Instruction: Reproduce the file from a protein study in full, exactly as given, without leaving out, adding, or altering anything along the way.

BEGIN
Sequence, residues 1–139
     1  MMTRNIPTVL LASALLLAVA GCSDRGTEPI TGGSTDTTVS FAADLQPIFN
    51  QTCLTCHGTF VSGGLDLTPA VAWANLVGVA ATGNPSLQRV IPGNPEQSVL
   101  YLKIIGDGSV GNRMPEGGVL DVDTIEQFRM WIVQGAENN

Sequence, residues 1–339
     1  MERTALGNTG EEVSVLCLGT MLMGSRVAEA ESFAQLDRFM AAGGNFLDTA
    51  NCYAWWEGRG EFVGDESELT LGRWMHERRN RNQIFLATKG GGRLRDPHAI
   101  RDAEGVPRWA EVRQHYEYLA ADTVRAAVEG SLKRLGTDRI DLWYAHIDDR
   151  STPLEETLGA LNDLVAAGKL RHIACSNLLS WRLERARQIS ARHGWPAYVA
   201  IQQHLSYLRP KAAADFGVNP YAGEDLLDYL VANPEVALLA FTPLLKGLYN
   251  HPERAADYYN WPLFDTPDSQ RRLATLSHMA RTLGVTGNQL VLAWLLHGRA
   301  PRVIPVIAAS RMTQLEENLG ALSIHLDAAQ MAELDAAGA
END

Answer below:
Sequence, residues 1–139
     1  MMTRNIPTVL LASALLLAVA GCSDRGTEPI TGGSTDTTVS FAADLQPIFN
    51  QTCLTCHGTF VSGGLDLTPA VAWANLVGVA ATGNPSLQRV IPGNPEQSVL
   101  YLKIIGDGSV GNRMPEGGVL DVDTIEQFRM WIVQGAENN

Sequence, residues 1–339
     1  MERTALGNTG EEVSVLCLGT MLMGSRVAEA ESFAQLDRFM AAGGNFLDTA
    51  NCYAWWEGRG EFVGDESELT LGRWMHERRN RNQIFLATKG GGRLRDPHAI
   101  RDAEGVPRWA EVRQHYEYLA ADTVRAAVEG SLKRLGTDRI DLWYAHIDDR
   151  STPLEETLGA LNDLVAAGKL RHIACSNLLS WRLERARQIS ARHGWPAYVA
   201  IQQHLSYLRP KAAADFGVNP YAGEDLLDYL VANPEVALLA FTPLLKGLYN
   251  HPERAADYYN WPLFDTPDSQ RRLATLSHMA RTLGVTGNQL VLAWLLHGRA
   301  PRVIPVIAAS RMTQLEENLG ALSIHLDAAQ MAELDAAGA